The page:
I actually found out about Rebel and met some folks from there at the Weapons of Mass Creation festival in Cleveland in 2015. I was there speaking about creativity and mental health and really loved getting to meet a whole lot of people and interact with people that I don’t typically get to. The idea for Psychology of Design was, “How can I do the thing that I really enjoy doing and bring that into the therapy and psychology world?”
Did you create your website on your own?
I did it all on my own. I started with Canva, which is an intro to the design element, and then moved on to Adobe Creative Cloud. Over the past year, I’ve been learning all the Photoshop and Illustrator basics and have been able to put all those things together. I’ve been really pleased with how the website turned out; I get a lot of compliments on it.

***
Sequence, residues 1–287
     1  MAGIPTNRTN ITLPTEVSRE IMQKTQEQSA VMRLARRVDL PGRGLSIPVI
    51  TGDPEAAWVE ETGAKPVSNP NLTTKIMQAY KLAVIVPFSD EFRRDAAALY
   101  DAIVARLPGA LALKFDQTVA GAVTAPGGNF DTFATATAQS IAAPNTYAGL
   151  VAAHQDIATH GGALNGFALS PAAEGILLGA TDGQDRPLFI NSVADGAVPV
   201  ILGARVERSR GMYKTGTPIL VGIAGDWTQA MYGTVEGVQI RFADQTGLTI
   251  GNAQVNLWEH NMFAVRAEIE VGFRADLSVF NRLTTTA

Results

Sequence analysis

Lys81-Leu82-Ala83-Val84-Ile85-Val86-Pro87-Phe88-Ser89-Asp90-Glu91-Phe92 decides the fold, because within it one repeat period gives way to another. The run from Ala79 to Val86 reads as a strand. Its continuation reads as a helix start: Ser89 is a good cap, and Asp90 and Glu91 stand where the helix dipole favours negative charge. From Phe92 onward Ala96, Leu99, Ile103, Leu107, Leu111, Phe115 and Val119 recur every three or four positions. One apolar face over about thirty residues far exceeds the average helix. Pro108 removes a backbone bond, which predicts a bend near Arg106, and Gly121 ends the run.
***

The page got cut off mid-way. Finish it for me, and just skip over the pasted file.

Why do you think having an online presence is so important for building a brand?
When I’m looking for something or looking for a service, online is the first place I go because I’m the type of person that will do the research and get a sense of the person I’m going to be connecting with before I make the jump on something. That’s what I really wanted to do with my website and the promotional and design elements that I put out, so that people can get a sense of me and start to build that relationship before we even meet in person. I want people to be confident that I’m the person that can really be helpful for them.
Do you have a source of inspiration for your design or your work?